Obrázky stránek
PDF
ePub

1712,

No. 351. Character in the Person of Eneas, but has given a Saturday, Place in his Poem to those particular Prophecies which April 12, he found recorded of him in History and Tradition. The Poet took the Matters of Fact as they came down to him, and circumstanced them after his own Manner, to make them appear the more natural, agreeable, or surprizing. I believe very many Readers have been shocked at that ludicrous Prophecy, which one of the Harpyes pronounces to the Trojans in the Third Book, namely, that, before they had built their intended City, they should be reduced by Hunger to eat their very Tables, But, when they hear that this was one of the Circumstances that had been transmitted to the Romans in the History of Eneas, they will think the Poet did very well in taking Notice of it. The Historian abovementioned acquaints us, a Prophetess had foretold Eneas, that he should take his Voyage Westward, till his Com panions should eat their Tables; and that accordingly, upon his landing in Italy, as they were eating their Flesh upon Cakes of Bread, for want of other Conveni encies, they afterwards fed on the Cakes themselves; upon which one of the Company said merrily, We are eating our Tables. They immediately took the Hint, says the Historian, and concluded the Prophecy to be fulfilled. As Virgil did not think it proper to omit so material a Particular in the History of Eneas, it may be worth while to consider with how much Judgment he has qualified it, and taken off every thing that might have appeared improper for a Passage in an Heroic Poem. The Prophetess who fortells it is an hungry Harpy, as the Person who discovers it is young Ascaníus.

Heus etíam mensas consumimus! inquit Iulus,

Such an Observation, which is beautiful in the Mouth of a Boy, would have been ridiculous from any other of the Company, I am apt to think that the chang ing of the Trojan Fleet into Water-Nymphs, which is the most violent Machine in the whole Æneid, and has given Offence to several Criticks, may be accounted for the same way, Virgil himself, before he begins that Re

1712,

lation, premises that what he was going to tell appeared No. 351.
incredible, but that it was justified by Tradition. What Saturday,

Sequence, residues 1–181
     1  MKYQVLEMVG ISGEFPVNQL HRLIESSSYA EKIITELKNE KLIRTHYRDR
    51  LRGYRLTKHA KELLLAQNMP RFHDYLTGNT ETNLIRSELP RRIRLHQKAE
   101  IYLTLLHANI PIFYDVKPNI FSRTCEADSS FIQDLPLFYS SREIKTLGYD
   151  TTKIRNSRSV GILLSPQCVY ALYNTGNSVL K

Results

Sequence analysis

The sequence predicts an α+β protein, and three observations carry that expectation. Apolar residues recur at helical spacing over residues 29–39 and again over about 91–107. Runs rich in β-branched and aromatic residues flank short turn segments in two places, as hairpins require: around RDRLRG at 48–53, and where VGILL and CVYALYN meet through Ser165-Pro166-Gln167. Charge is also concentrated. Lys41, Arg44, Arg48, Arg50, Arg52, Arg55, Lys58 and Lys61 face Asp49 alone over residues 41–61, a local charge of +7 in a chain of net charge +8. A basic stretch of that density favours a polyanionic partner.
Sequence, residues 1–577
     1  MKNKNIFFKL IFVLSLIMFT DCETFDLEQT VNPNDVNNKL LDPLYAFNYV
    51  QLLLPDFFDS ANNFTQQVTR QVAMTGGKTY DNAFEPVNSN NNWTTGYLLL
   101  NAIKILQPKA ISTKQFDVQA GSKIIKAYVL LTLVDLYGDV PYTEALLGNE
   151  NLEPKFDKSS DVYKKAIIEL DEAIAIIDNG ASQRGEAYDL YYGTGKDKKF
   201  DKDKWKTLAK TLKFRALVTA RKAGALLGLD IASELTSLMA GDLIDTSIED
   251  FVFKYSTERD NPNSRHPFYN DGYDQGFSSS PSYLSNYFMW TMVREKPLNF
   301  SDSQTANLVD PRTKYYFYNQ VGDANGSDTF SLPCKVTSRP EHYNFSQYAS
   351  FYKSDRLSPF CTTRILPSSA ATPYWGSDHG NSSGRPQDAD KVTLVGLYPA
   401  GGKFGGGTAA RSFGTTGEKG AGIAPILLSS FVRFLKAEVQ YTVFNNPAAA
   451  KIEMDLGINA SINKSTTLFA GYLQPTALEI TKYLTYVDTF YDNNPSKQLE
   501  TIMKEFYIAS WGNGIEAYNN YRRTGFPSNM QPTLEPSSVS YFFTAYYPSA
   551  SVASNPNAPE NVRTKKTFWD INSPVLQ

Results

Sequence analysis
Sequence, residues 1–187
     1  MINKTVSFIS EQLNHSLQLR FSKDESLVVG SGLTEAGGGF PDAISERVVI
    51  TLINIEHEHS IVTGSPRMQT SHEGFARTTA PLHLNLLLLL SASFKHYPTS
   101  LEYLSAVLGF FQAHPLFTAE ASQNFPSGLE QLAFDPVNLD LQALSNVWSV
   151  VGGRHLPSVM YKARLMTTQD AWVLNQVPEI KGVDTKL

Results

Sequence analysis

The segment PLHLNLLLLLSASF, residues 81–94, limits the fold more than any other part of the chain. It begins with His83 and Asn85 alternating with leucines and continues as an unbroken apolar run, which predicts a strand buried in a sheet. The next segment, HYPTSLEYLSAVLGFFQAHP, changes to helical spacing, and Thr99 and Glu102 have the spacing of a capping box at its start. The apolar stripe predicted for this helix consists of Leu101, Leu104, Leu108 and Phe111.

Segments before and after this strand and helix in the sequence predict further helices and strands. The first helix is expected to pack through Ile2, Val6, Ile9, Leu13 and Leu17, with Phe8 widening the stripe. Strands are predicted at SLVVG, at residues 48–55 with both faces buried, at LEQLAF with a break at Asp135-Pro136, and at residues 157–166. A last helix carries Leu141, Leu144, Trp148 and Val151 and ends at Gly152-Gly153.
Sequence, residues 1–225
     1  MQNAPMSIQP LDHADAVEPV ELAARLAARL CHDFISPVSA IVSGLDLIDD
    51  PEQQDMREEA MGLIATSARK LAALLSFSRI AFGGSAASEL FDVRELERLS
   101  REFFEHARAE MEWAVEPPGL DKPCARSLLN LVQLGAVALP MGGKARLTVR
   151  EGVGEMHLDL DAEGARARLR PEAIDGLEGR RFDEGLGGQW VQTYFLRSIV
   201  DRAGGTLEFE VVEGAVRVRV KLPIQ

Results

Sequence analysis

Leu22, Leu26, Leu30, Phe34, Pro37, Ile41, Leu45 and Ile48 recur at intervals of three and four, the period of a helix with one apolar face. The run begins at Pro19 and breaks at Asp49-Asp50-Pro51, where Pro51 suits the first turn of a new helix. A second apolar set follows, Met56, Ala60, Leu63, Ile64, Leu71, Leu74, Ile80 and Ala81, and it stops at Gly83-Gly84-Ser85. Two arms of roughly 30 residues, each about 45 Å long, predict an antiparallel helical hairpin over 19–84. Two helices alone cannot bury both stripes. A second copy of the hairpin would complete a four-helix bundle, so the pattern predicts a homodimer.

further confirms me that this Change of the Fleet was April 12,
a celebrated Circumstance in the History of AEneas, is,
that Ovid has given a Place to the same Metamor
phosis in his Account of the heathen Mythology,

None of the Criticks I have met with having con sidered the Fable of the Æneid in this Light, and taken Notice how the Tradition, on which it was founded, authorizes those Parts in it which appear the most exceptionable; I hope the Length of this Reflection will not make it unacceptable to the curious Part of my Readers,

The History, which was the Basis of Milton's Poem, is still shorter than either that of the Iliad or Æneid. The Poet has likewise taken Care to insert every Cir cumstance of it in the Body of his Fable. The Ninth Book, which we are here to consider, is raised upon that brief Account in Scripture, wherein we are told that the Serpent was more subtle than any Beast of the Field, that he tempted the Woman to eat of the forbidden Fruit, that she was overcome by this Tempta tion, and that Adam followed her Example. From these Few Particulars Milton has formed one of the most entertaining Fables that Invention ever produced. He has disposed of these several Circumstances among so many beautiful and natural Fictions of his own, that his whole Story looks only like a comment upon sacred Writ, or rather seems to be a full and compleat Relation of what the other is only an Epitome, I have insisted the longer on this consideration, as I look upon the Dis position and Contrivance of the Fable to be the principal Beauty of the Ninth Book, which has more Story in it, and is fuller of Incidents, than any other in the whole Poem. Satan's traversing the Globe, and still keeping within the Shadow of the Night, as fearing to be dis covered by the Angel of the Sun, who had before detected him, is one of those beautiful Imaginations with which he introduces this his second Series of Adventures. Having examined the Nature of every Creature, and found out one which was the most proper for his Purpose, he

༣.

[ocr errors][merged small]

1712.

No. 351 again returns to Paradise; and, to avoid Discovery, sinks Saturday, by Night with a River that ran under the Garden, and April 12, rises up again through a Fountain that issued from it by the Tree of Life. The Poet, who, as we have before taken Notice, speaks as little as possible in his own Person, and, after the Example of Homer, fills every Part of his Work with Manners and Characters, introduces a Soliloquy of this infernal Agent, who was thus rest less in the Destruction of Man. He is then describ'd as gliding through the Garden under the Resemblance of a Mist, in order to find out that Creature in which he design'd to tempt our first Parents, This Description has something in it very poetical and surprizing.

So saying, through each Thicket dank or dry
Like a black Mist, low creeping, he held on